Daring to Be Different During the Holidays

Have you ever thought about the impression a text might leave if you only had a moment to think about it? Take for example Jesus’s declaration in the Sermon on the Mount that believers are “the salt of the earth” and “the light of the world” (Matthew 5:13-14). I’ve been in adult Bible studies before where a whole hour or two were spent reflecting on the various implications of these two simple statements. There’s a lot of depth in them! Still, what might Jesus’ audience have taken away after hearing Jesus say this in a sermon and move on? Given that Jesus has just talked about the reality that the kingdom belonged to persecuted peacemakers (Matthew 5:9-12) and that He goes on to say that believers ought to be tasted and seen rather than flavorless and hidden (Matthew 5:13-16), I think His listeners may have thought, “Jesus wants my faith to be noticed by others, even when it’s hard. I need to be different.”

Difference is woven into so many of the Bible’s instructions. There are so many opportunities to demonstrate our difference from those in the world! For now, I’d like to reflect on the special opportunity presented by holidays for believers to demonstrate they are different.

Careful students of the New Testament notice that while early Christians placed a great deal of importance on Sunday, “the first day of the week,” also known as “the Lord’s Day” (Acts 20:7; 1 Corinthians 16:2; Revelation 1:10), there’s no record of them collectively or congregationally celebrating events like Jesus’ birth or death through any kind of special, holy day. While individual believers might have put “one day above another,” others were just as likely to treat “every day alike,” and Paul told individuals in both groups not to “judge your brother” and to keep such matters “to yourself before God” (Romans 14:5, 10, 22). While Paul knew God had given liberty regarding private observances, he feared that collective religious observances of “days and months and seasons and years” could represent turning “again to the weak and beggarly elements” and bring Christians into “bondage” (Galatians 4:9-10).

Over the hundreds of years following the close of the New Testament, what may have begun as private observances began to be practiced congregationally even as the leaders of prominent churches began to wield more and more influence over believers. Over time, these leaders crafted a religious calendar similar to the one observed by Jews in the Old Testament with days that they designed or repurposed to honor Jesus in some way. Along the way, a lot of manmade tradition got woven both into these days and into other beliefs and practices, and people began to question the guidance of these leaders. Even after people rejected these leaders during social movements like the Reformation, they carried with them some of the calendar they created, notably, Christmas and Easter.

For my entire life, I’ve seen Christians who want to return to the simple beliefs and practices of the New Testament struggle with Christmas and Easter. Some use these holiday seasons specifically to condemn these days because of the human teachings and traditions that are sometimes woven into their observance. This certainly allows them to be seen as different by those in the world but sometimes doesn’t achieve the result that Jesus envisioned for that difference, namely, people glorifying the “Father in heaven” (Matthew 5:16). Seeing this, others have chosen the path of least resistance by teaching, preaching, and doing what is expected on or near these days, while making no commentary on them other than to occasionally condemn the behavior of those who condemn these days.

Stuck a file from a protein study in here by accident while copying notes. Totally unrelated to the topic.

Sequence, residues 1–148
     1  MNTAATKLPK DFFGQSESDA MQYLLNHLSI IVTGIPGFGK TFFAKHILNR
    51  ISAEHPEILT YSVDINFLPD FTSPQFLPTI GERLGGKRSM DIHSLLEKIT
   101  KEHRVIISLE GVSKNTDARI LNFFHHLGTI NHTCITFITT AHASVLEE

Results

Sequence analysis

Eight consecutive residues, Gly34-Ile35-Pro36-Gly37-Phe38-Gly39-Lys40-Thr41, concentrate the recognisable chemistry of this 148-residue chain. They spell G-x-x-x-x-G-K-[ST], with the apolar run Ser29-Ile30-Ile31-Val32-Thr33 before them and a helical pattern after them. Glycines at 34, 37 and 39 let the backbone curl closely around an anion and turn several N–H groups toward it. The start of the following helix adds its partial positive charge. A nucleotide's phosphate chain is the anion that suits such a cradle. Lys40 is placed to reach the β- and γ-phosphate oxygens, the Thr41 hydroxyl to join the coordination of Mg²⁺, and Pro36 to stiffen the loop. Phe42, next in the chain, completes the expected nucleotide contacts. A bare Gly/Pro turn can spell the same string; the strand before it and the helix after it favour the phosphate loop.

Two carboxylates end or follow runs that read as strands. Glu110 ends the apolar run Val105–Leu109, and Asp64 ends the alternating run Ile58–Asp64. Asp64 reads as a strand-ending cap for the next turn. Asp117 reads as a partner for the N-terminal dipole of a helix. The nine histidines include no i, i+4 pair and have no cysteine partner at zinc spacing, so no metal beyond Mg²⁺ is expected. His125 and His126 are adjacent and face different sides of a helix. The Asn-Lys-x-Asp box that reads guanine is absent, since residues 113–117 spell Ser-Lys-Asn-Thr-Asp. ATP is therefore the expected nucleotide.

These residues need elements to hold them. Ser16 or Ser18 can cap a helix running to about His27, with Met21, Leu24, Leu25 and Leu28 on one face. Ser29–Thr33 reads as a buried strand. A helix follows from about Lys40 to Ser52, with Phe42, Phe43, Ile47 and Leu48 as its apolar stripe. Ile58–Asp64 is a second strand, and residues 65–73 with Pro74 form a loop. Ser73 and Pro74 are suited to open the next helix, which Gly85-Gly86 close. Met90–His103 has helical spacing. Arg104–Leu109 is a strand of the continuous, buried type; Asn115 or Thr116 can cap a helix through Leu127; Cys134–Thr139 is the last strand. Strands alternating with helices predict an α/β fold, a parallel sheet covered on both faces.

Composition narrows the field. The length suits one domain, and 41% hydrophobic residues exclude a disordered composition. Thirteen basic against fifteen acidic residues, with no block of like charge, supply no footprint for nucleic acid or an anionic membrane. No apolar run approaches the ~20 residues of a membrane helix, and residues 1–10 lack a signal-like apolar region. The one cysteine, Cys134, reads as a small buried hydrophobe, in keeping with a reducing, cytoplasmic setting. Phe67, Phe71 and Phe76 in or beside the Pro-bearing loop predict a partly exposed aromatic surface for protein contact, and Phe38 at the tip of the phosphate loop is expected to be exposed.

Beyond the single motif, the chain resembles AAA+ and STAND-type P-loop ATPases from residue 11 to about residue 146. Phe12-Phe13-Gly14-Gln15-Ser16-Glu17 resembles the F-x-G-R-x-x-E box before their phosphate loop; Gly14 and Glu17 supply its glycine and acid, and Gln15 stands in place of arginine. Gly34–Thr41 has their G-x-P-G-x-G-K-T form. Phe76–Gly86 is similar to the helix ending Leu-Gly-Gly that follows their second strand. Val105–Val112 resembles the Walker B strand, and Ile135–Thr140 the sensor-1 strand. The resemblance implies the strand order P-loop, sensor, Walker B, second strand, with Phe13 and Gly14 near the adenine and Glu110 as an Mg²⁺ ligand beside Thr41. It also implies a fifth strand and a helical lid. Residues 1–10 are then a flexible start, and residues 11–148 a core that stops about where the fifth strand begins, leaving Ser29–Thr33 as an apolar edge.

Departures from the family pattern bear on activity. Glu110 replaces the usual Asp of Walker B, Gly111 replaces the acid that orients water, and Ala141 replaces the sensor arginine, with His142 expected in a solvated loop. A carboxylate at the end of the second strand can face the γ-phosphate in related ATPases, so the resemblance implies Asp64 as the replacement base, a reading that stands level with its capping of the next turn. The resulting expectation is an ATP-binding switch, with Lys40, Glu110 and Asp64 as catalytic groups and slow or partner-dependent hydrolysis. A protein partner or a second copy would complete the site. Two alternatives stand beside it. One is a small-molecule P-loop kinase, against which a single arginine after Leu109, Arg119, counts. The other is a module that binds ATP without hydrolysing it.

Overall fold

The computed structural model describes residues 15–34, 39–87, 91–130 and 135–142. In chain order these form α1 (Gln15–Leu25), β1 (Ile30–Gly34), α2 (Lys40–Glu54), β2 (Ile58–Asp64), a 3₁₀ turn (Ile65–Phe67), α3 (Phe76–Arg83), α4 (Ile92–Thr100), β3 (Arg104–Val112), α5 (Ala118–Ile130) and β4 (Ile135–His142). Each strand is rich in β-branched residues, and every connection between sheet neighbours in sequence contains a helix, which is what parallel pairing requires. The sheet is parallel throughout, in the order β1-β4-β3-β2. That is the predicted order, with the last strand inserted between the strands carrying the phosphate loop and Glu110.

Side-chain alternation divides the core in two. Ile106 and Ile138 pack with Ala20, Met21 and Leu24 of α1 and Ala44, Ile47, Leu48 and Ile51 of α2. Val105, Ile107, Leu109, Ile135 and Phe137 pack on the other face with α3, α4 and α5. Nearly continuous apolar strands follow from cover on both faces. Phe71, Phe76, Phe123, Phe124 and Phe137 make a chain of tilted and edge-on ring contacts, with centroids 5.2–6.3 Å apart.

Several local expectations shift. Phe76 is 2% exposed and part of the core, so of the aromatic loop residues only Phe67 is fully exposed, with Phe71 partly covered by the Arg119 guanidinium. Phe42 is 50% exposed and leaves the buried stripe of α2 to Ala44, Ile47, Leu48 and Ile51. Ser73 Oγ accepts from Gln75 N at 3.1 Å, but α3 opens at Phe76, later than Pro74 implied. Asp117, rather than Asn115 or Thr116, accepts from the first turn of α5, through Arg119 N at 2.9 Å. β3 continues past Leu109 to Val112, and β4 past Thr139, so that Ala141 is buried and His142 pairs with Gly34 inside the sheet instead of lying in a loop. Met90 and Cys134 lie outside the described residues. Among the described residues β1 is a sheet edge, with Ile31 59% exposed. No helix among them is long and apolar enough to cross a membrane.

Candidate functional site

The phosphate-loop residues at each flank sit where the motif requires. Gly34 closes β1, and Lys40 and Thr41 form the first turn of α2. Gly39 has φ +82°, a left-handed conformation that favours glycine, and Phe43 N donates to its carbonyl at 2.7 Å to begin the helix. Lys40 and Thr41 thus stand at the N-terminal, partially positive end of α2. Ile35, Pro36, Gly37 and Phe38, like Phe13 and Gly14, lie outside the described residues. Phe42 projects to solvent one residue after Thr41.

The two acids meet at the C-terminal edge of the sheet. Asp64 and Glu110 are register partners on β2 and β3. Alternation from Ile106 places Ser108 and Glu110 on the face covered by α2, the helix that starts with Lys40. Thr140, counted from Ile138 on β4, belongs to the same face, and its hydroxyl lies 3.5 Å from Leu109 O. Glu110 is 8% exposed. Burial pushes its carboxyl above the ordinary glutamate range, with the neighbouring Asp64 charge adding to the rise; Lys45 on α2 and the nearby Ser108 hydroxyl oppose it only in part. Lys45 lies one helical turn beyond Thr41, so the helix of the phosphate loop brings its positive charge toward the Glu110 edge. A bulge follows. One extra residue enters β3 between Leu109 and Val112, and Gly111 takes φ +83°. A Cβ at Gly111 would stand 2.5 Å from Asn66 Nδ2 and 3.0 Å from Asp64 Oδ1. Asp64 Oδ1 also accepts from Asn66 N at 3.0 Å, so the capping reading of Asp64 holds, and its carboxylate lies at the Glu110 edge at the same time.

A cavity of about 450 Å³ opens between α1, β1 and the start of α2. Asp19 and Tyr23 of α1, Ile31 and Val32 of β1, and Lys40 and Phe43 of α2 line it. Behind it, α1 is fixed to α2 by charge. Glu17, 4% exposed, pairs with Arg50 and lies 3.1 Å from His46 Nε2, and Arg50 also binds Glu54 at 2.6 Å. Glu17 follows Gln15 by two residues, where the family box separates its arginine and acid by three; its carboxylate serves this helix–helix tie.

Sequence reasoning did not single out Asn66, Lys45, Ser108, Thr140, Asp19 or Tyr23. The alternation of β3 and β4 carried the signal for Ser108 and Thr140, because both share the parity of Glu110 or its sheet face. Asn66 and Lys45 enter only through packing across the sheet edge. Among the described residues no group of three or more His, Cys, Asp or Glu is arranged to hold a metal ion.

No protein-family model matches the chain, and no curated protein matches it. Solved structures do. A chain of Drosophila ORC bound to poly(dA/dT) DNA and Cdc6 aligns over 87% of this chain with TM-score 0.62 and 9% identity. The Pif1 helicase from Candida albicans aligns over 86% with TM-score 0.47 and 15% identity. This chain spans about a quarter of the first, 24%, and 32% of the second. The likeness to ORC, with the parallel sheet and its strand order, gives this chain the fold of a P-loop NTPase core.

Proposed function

While still allowing for individual Christians to exercise their liberty regarding special days as they see fit, I’d like to argue for a different path regarding religious holidays at a congregational level. Granted, I totally understand the idea of seizing a moment to talk about what’s on everyone’s mind. However, given Jesus’ goal for us is noticeable difference, I really appreciate those in the brotherhood of believers who want to be seen as being different than the denominational world. Is there a way though to be different in a way that makes a difference? I think there is. For years, I’ve made it my practice to highlight the difference of the New Testament pattern from manmade observances without using this particular moment to condemn anyone else’s practice.

As a preacher, I get asked all the time by people in the community about what my church is doing for Christmas or Easter. I love being able to say something like this: “Not much changes for us. Holidays like Christmas and Easter actually aren’t in the Bible. Like the first Christians, we don’t do anything out of the ordinary when these days roll around. We believe in Jesus’ birth and His resurrection, but we try to honor these events every Sunday that we meet together.” I say something similar when teaching or preaching publicly on or near a holiday. Over the years, I’ve had several positive and constructive conversations stem from this approach. Several non-Christians have even commented, “I really like that.” Even if this approach does bring ridicule or cause you to be ostracized, remember, Jesus prefaced His words regarding His desire for you to be different (Matthew 5:13-16) with words about embracing persecution (Matthew 5:10-12).

So, when the next holiday rolls around, will you as a worship leader, preacher, teacher, or simply a Christian discussing his faith with his friends dare to be different? Let’s let our saltiness and light be tasted and seen by those who desperately need to know God’s peace.
-Patrick Swayne  
patrick@tftw.org

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